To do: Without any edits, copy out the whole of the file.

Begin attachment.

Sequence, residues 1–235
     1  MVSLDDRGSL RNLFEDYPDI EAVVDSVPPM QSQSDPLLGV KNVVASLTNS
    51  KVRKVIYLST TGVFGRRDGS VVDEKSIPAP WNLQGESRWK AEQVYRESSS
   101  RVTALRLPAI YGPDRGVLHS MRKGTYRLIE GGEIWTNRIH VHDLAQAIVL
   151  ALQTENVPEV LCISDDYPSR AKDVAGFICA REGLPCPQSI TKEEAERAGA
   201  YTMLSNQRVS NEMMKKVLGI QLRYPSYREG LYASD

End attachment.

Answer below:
Sequence, residues 1–235
     1  MVSLDDRGSL RNLFEDYPDI EAVVDSVPPM QSQSDPLLGV KNVVASLTNS
    51  KVRKVIYLST TGVFGRRDGS VVDEKSIPAP WNLQGESRWK AEQVYRESSS
   101  RVTALRLPAI YGPDRGVLHS MRKGTYRLIE GGEIWTNRIH VHDLAQAIVL
   151  ALQTENVPEV LCISDDYPSR AKDVAGFICA REGLPCPQSI TKEEAERAGA
   201  YTMLSNQRVS NEMMKKVLGI QLRYPSYREG LYASD